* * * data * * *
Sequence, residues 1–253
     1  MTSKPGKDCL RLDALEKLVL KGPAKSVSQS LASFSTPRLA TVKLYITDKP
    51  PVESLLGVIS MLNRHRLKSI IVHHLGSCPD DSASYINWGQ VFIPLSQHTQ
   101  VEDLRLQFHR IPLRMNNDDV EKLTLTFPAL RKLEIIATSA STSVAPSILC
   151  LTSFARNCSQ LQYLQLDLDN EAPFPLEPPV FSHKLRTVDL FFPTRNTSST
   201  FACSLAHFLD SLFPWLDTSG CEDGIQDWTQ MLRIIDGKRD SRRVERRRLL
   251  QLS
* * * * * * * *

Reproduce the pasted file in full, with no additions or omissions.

Sequence, residues 1–253
     1  MTSKPGKDCL RLDALEKLVL KGPAKSVSQS LASFSTPRLA TVKLYITDKP
    51  PVESLLGVIS MLNRHRLKSI IVHHLGSCPD DSASYINWGQ VFIPLSQHTQ
   101  VEDLRLQFHR IPLRMNNDDV EKLTLTFPAL RKLEIIATSA STSVAPSILC
   151  LTSFARNCSQ LQYLQLDLDN EAPFPLEPPV FSHKLRTVDL FFPTRNTSST
   201  FACSLAHFLD SLFPWLDTSG CEDGIQDWTQ MLRIIDGKRD SRRVERRRLL
   251  QLS